Woody is never going to be the world’s greatest actor (although he does have some great performances, Manhattan and Crimes and Misdemeanors spring immediately to mind), and he’s essentially playing himself in this film. Except instead of a nebbish, Jewish Manhattanite, he’s a nebbish, Russian orthodox Moscovian (is that the proper term). As great of a writer and director Woody is, it’s easy to forget how great he was at physical humor in these early films. He would have made Chaplin and Keaton proud. Diane Keaton was the real scene-stealer (as she was in Annie Hall). She is simply one of the most talented comedic actresses of all time. She manages to be a deliciously sexual concoction as Sonia as well as (at specific points in the film) a great doppleganger for Bergman regulars like Liv Ullmann.

The film may not carry the emotional weight of Annie Hall or Manhattan, but it’s certainly more laugh-out-loud funny than the latter (not so much the former which is why Annie Hall is so perfect). That doesn’t necessarily make it any less consistently thought-provoking as you can see in this film all of the bits and pieces that would ultimately go into making Annie Hall. Everyone loves to call Annie Hall Woody’s ultimate transition film, but Love and Death is just as deserving of that title. It’s a gut-busting triumph of smart and witty humor, and if you can handle your Woody Allen in almost total comedy mode, this film’s a home-run.

Final Score: A

(A quick aside before the review. Weirdly enough, even though I’ve reviewed nearly 300 films for this blog in the last year and a half, this will be the first movie I’ve reviewed from the year that I was born, 1989. I’ve done three Song of the Days from then but not a single film. It’s crazy.  How fitting [and this was purely by chance] that it was a Woody Allen movie. He’s my favorite director of all time. And I’ve reviewed, by far, more of his films than any other director. To wit, Everything You Always Wanted to Know About Sex (But Were Afraid to Ask), Manhattan, Radio Days, Match Point, Vicki Cristina Barcelona, and Midnight in Paris. And now Crimes and Misdemeanors. He’s made like 40 films so it’s not shocking that he’s showing up a lot.)

There’s always an inherent danger when writers try to split their films into two or more mostly separate stories. While ensemble pieces usually give the audience a chance to pick one section of a film to passionately support and love (ala the Dylan Baker scenes stealing all of Happiness or John Locke and Ben Linus regularly upstaging their cast-mates on Lost), they also run the risk of having a crucial segment that is simply far less engaging than the best elements of the film. These elements may not even be bad. They can be very good. But if a writer/director hits the sweet spot with one segment of a film, everything else will seem like a drag in comparison. Much like his earlier film Radio Days, Woody Allen’s 1989 dramedy Crimes and Misdemeanors is split in half. One section is a serviceable, typically “Allen” romance while the other is a stunning, Ingmar Bergman-esque examination of morality and responsibility. It should have been the entire film.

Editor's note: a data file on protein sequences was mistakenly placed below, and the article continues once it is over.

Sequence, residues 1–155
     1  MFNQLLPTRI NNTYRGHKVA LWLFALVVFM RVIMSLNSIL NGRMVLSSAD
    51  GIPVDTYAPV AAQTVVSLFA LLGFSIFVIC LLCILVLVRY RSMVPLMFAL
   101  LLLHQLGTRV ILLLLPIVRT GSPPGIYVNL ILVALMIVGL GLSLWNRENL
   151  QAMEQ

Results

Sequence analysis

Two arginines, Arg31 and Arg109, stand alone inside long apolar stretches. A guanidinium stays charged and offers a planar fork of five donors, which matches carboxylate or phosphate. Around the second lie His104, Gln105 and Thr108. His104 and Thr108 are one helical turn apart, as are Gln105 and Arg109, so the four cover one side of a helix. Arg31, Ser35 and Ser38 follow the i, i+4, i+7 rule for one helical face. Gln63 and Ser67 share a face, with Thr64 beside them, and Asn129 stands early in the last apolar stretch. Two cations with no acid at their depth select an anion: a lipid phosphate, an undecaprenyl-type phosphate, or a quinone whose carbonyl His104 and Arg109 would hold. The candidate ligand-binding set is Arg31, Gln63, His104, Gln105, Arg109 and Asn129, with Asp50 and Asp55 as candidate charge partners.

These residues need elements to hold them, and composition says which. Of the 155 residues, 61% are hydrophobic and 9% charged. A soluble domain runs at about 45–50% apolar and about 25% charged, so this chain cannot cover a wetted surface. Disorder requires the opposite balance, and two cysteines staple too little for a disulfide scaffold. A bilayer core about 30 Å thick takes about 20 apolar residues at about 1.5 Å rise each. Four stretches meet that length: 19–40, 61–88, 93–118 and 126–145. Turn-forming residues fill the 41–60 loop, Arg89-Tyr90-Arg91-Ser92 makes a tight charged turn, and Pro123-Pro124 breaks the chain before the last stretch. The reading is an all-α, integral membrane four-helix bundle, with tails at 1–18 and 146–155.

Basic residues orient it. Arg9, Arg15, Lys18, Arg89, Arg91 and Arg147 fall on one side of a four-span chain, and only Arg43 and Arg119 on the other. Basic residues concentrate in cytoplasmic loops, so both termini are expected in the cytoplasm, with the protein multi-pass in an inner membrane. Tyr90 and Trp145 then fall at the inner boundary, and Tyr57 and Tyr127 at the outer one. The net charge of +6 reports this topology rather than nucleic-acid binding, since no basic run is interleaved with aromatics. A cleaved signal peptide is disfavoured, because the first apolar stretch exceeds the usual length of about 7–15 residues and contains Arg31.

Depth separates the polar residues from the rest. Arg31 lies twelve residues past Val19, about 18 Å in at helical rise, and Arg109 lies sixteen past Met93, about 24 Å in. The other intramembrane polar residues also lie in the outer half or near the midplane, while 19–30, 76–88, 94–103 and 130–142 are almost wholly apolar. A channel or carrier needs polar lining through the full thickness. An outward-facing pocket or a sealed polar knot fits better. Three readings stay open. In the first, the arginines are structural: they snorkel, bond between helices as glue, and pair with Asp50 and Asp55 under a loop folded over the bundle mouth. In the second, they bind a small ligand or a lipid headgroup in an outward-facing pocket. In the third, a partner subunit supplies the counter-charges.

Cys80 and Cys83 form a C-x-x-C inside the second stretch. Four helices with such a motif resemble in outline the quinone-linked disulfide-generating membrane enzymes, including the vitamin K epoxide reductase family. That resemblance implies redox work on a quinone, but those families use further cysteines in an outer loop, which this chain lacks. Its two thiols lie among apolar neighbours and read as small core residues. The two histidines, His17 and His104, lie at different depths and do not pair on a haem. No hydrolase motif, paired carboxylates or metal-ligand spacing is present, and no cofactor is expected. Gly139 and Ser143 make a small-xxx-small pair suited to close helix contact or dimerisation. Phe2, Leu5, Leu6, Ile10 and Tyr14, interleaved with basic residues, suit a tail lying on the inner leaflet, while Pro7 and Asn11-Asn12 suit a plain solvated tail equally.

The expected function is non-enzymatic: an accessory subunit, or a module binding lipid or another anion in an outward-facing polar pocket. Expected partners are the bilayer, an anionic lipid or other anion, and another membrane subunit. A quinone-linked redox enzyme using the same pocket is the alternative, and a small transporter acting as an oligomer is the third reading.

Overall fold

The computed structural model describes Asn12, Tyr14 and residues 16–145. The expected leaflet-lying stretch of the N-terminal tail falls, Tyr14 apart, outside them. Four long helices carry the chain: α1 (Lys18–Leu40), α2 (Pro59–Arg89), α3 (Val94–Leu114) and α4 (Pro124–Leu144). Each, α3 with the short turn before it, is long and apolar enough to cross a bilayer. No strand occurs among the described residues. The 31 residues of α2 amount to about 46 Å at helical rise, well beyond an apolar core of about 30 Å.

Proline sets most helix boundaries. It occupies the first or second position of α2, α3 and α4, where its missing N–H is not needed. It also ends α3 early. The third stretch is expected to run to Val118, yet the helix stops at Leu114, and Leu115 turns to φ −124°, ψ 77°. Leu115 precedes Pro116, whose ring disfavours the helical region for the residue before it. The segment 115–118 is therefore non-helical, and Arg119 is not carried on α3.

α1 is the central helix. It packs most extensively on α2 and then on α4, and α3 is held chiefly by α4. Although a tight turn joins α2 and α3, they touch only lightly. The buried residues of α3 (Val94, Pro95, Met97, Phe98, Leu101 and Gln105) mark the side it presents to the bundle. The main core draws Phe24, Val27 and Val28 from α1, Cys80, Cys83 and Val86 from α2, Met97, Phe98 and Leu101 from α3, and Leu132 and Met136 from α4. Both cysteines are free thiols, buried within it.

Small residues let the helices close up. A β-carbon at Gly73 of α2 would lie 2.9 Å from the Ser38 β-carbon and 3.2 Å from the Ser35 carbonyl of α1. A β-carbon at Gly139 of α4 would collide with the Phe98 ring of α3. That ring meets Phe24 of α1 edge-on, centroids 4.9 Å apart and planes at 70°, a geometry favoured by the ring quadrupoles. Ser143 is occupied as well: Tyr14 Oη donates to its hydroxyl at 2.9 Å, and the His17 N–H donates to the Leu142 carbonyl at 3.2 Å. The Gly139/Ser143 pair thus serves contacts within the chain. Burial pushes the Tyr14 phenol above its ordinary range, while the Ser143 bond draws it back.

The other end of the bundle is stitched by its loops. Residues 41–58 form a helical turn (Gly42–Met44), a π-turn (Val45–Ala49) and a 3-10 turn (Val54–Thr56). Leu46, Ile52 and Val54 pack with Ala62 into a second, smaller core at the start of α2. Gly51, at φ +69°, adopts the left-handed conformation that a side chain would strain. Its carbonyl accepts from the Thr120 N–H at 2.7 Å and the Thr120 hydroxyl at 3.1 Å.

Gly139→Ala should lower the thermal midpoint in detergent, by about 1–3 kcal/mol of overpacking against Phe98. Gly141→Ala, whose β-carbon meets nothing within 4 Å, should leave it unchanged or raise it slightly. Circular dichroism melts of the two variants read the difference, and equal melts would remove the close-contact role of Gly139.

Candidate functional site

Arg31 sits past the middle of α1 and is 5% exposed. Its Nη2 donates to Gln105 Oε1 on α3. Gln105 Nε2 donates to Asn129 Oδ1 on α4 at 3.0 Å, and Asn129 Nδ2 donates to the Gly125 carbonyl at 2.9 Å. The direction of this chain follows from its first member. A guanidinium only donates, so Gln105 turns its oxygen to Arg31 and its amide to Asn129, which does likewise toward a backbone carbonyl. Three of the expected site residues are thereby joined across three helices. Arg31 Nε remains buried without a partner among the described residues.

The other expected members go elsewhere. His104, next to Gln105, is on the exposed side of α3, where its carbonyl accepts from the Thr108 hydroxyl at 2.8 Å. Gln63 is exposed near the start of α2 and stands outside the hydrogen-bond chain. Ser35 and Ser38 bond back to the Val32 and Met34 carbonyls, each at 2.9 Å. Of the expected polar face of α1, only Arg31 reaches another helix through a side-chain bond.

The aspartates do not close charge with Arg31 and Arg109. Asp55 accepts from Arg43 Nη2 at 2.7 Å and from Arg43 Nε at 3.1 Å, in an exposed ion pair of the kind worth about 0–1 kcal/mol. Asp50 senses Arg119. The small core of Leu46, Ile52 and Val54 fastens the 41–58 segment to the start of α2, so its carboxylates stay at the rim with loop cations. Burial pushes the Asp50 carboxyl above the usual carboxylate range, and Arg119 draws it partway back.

In the lighter romantic dramedy portion of the film, Woody Allen plays Cliff Stern, a struggling documentarian whose wife convinces her brother Lester, a successful but boorish television comedian (Alan Alda), to allow Cliff to shoot a documentary for the network about the day-to-day aspects of Lester’s life. Although Lester would rather shoot a more personal documentary about a college philosophy professor with profound insights into the universe, he takes the job while hoping that he can use it to kickstart his static career. Stuck in a loveless marriage, Cliff falls for the documentary’s producer, the intelligent and warm Halley (Rosemary Baby‘s Mia Farrow). Determined to leave his wife for his new love, Cliff is tripped up by his own neuroses and the pressing question of whether Halley shares the same feelings that he does.

In the more serious, existential dramatic portions of the film, Martin Landau is Judah Rosenthal (Ed Wood), a wealthy ophthalmologist and philanthropist, sees his whole world crashing down around him when his neurotic and obsessive mistress (The Grifters‘ Anjelica Huston) threatens to tell his wife about their affair as well as inform the police about some fiscal improprieties that Judah has committed. When he refuses the advice of his rabbi (Sam Waterston) to simply admit to his wife what he’s done, Judah eventually decides to accept the help of his criminal brother Jack (Jerry Orbach) and have his mistress killed. As the reality of what he’s done sets in, Judah finds himself overwhelmed with guilt and begins to question the moral and ethical constructs that were the basic building blocks of his life, such as guilt, responsibility, and the nature of God.